Strategic Certificate of Deposit Investments

Ever since the FOMC (Federal Open Market Committee) lowered Fed Funds to be between 0.00% and 0.25%, CD rates have steadily marched downwards. For a time, 1-year CD rates hovered in the 2.25% to 2.40%. Than it was the low 2.00% and finally most have retreated to be below 1.50%. Step-ups, Bump-ups and longer-term CDs with lower early withdrawal penalties can be a good strategy to maintain some yield with out a whole lot of term risk.

Term risk is where you purchase longer-term CDs (5-years and longer) and you run the risk of rates increasing dramatically before the term expires. This can also work in the reverse where you purchased all long-term rates and they all come due in a low rate environment. A laddered CD portfolio (which isn’t the topic here) can help minimize the drastic ups and downs. I would say though that at this point rates are likely to go up at some point in the future, maybe late 4th quarter 2010 or early 1st quarter 2011. But since I don’t have a crystal ball, I like the ideas of adding some “complex” CDs.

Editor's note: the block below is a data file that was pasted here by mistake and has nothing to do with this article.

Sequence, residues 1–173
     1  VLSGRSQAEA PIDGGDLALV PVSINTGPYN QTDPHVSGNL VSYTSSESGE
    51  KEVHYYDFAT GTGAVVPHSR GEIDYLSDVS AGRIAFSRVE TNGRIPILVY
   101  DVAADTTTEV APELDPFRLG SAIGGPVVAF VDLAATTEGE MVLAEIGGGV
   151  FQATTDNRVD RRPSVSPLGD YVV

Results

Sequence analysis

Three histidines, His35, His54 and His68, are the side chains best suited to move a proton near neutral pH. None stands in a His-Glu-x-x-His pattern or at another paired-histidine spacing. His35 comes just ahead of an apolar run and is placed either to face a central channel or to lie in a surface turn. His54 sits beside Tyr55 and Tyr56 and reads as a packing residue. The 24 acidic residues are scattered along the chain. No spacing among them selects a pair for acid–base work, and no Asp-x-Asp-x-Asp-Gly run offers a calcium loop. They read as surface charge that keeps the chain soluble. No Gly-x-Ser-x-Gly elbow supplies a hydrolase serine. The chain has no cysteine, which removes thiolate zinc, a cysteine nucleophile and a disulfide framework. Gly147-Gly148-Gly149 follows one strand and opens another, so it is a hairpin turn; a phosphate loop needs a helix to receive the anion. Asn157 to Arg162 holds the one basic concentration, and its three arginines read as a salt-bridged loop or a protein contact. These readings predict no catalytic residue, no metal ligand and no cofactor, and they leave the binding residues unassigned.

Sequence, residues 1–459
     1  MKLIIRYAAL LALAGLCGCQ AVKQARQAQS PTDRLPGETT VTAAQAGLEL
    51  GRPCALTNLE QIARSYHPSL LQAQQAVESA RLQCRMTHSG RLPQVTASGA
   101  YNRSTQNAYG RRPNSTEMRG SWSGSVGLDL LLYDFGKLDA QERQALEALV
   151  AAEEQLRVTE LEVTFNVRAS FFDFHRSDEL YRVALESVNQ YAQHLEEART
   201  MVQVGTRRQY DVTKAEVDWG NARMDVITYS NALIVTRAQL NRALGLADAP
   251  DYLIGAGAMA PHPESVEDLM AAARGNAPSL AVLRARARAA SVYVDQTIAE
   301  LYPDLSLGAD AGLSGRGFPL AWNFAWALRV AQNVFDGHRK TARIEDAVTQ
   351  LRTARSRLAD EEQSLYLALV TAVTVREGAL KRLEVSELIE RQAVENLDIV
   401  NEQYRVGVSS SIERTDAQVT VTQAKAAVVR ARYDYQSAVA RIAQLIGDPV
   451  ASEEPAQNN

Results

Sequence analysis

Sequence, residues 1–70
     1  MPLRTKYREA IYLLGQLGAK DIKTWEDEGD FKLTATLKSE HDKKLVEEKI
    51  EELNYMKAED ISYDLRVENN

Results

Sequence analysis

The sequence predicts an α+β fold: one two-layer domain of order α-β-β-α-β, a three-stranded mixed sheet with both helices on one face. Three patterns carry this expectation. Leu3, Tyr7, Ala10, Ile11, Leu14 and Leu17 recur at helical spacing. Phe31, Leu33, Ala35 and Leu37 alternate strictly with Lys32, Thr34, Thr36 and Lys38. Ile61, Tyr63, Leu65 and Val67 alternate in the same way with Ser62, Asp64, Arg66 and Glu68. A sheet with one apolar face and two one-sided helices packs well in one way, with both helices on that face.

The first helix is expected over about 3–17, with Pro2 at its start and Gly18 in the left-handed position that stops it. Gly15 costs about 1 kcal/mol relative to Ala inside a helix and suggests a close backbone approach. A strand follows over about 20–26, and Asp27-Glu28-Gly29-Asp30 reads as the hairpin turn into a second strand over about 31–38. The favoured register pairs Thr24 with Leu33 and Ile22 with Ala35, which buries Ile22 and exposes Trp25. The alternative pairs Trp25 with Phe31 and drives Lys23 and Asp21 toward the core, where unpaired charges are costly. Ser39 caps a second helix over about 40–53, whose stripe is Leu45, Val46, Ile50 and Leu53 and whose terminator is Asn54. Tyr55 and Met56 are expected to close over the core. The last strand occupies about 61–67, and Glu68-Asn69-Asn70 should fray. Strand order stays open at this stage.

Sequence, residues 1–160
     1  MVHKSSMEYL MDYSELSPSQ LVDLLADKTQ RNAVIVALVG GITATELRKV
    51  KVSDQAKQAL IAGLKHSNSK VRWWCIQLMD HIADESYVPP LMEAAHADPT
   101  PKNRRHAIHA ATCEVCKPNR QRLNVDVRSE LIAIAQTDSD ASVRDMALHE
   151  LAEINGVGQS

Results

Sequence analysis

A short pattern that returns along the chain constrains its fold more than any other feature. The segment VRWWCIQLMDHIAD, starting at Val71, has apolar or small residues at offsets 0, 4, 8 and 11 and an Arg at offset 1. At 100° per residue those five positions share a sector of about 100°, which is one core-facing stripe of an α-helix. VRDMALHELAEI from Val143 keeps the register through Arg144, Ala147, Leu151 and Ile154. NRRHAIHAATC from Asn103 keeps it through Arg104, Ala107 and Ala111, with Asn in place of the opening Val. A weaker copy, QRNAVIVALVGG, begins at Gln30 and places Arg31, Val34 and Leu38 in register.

Step-ups give you a known point where your CD rate increases. In an environment such as this, you can potentially purchase a little longer-term CD, but with the steps you’ll have protection against missing out on higher rates as the Fed increases Fed Funds. It is easier to find step-ups through brokers than direct. So far the shortest I’ve seen is around 12-years. They may have call dates where the bank can close the CD at a predetermined intervals.

Bump-ups allow you to move your rate up if the bank changes rates on the given term. So if you purchase a 3-year CD at 2.10% with a two-times bump option, you have the opportunity to move your rate up. If in 6-months the banks is offering a 2.50% for 3-years, you can move your CD rate up. Most Bump-ups don’t change the term, however as always, read all of the fine print. Before purchasing these type of CDs, ask the bank for some rate change history, especially in a rising rate environment. You want to make sure you will be treated fairly.

Finally, longer-term CDs with low penalties can be a good way to boost income without taking a huge amount of term-risk. If you find a 5-year CD rate around 3.50% and it has a 6-month penalty, your equivalent rates would be 1-year at 1.77%, 2Y at 2.63%, 3Y at 2.92%, and 4Y at 3.06%. All of those are at or better than you can find for the given term. So until rates rise you get a boost in income. If rates rise slowly, you maintain that boost. And if rates go up quickly you can close your CD, move to the higher rate, and not lose much. A great find with be a 7-year or 10-year CD with a 6-month penalty. I’ve seen some 10-year CDs advertised at 4.00%.

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